I’d say what a difference a good night sleep can make, but that was not the case on this day. Woke up around 6 with my head spinning. Dizziness had bothered me some before on trails, but this was worse. I almost fell down stepping out of the shelter. Decided to get an early start to make the most of available daylight. After a quick granola breakfast I was hiking with a headlamp by 7. The trail stayed smooth and fairly level in the river valley which was a good thing as moving my head made the dizziness worse.
The balance problem had bothered me a bit on the JMT, but I just assumed it was altitude. The issue had disappeared when I was at home or even staying in a hotel. What was I missing on the trail? Besides Bud Light of course.
I began to think, Bud Light aside, that it might be dehydration so I forced down a couple extra liters of water thru the day and the problem faded considerably. Would have to see what the next morning would bring.
The weather was cool, partly cloudy and dry. There’s a bit of confusingly (to me) marked road walking down towards the Lamoille River. There’s a short section on a bike trail, a road crossing then dirt tread once again along the river. The guide mentioned a ladder down to the river channel, but it’s missing (washed away?) and I strolled right by my turn. After losing the trail for a bit and a short backtrack I found the good sized bridge across.
Once I crossed the river, there was a subtle, but significant difference in the geography of the area. The mountain was not as steep as recent ones have been and it even held some topsoil. This meant the trail was mostly dirt rather than rock/roots. The recent rain had been absorbed and footing was dry and smoother. The trail was still steep in places, Gravity was still working the same, but everything was walkable. No climbing required. There were spots that even followed old forest roads and climbed or dropped gradually. It began turning into a great day! The distance was adding up as I had traveled over 7 miles by 10:30. Lunch was at the unusually designed Roundtop Shelter.
The trail also passed through a section of forest crisscrossed with plastic tubing. The plugged stiles in the big maple trees were already set to start producing that famous Vermont maple syrup next spring.
The climb up to Laraway Lookout was 1,400 feet over less than two miles, but again all walkable with no “climbing” needed. The view from Laraway was fantastic, but the map indicated a steep decline off the peak. There were no issues though as the steep slope was still holding soil and I cruised into Curless Camp at about 4 pm. Corless is a very snazzy cabin that I would have to myself. In fact, other than an occasional day hiker near a road crossing, I had the entire trail pretty much to myself since Stowe.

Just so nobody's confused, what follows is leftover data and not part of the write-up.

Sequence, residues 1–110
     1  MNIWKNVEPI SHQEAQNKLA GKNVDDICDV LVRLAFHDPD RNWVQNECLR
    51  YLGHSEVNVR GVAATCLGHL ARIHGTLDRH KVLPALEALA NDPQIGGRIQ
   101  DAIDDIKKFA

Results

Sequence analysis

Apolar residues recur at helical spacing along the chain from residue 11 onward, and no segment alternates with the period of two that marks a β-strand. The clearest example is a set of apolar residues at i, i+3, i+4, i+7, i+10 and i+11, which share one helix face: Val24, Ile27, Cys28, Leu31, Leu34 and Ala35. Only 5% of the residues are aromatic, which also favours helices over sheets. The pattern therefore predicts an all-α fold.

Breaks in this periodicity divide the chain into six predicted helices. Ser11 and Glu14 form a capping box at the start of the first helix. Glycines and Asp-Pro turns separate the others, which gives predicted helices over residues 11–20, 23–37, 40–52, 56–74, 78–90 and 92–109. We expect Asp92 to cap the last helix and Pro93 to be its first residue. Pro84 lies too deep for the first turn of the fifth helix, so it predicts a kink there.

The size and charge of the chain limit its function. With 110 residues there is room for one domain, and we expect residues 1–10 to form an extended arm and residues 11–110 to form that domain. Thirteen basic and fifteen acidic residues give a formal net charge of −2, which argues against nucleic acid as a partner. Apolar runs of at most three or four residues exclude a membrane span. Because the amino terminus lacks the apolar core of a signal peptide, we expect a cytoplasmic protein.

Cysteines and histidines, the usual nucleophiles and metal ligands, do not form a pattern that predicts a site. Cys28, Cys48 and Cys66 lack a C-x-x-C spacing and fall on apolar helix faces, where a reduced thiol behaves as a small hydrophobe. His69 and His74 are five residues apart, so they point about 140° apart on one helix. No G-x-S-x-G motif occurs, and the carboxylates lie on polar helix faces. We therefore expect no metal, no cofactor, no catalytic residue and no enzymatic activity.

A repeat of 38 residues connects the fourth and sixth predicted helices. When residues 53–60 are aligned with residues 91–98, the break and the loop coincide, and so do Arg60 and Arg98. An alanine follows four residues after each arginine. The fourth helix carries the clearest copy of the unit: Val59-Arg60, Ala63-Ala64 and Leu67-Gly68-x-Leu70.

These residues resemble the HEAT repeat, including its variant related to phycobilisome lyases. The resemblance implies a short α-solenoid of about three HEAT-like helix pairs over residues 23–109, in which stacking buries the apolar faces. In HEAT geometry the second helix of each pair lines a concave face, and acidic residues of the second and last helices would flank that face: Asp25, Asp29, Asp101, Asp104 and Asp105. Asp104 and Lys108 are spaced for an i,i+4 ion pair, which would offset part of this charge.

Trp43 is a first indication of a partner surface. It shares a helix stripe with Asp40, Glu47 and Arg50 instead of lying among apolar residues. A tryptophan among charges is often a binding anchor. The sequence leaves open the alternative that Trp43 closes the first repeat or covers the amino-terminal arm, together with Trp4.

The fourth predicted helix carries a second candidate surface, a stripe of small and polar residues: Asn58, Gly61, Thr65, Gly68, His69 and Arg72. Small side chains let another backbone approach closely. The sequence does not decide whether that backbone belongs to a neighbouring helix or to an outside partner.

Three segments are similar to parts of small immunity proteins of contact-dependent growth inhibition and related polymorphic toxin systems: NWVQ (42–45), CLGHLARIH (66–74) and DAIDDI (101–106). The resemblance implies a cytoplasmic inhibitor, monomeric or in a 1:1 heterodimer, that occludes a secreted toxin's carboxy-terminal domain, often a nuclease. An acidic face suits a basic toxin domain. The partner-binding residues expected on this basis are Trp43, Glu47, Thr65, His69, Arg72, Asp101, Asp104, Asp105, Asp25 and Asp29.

I was trying Pack It Gourmet freeze dried food on this stretch and was pretty happy with the results. Hamburger tortillas were on tap for dinner, with an extra helping of water. As the sun set, the temperature began dropping, but it remained warm enough that there was no need to cuddle with the water filter like the previous night.
There was even a pretty strong cell signal there. Checking the weather, it looked good for one more day, then started degrading badly. My window of opportunity was beginning to close. Regardless, there was good sleep to be had as the enclosed shelter was quiet and dark.
I awoke in the morning to a shaky world. The dizziness was better than the day before, but a long way from cured. The hike up Butternut Mountain had some short climbs but nothing I couldn’t handle despite my poor balance. Once again, the issue seemed to improve through the day. There was no view to be had on Butternut. Just a climb to the peak and then straight back down.
During the descent off the mountain, I stopped to filter water near Spruce Lodge. Strolling the other way was a backpacker; the first I had seen in a while. Jason was attempting a southbound thru-hike. Discussing trail conditions he warned me about significant muck past Mt. Belvedere. I wished him luck though I was thinking his weather window didn’t look good. It looked like it might be snowing in a few days and he still had the big mountains to get over.
After some ups and downs, the trail dropped into Devil’s Gulch, a small, boulder strewn narrow canyon. It actually wasn’t bad to pick through and was a pretty interesting spot.
From there though, I faced an approximately 2,000 foot climb to top of Mt. Belvedere. My thighs began feeling really tired for first time since my return to the trail. The slope seemed to go on forever and then I just had to tack on a bit more distance to climb the fire tower at the peak. It was worth the effort since there was a clear sky and outrageous views.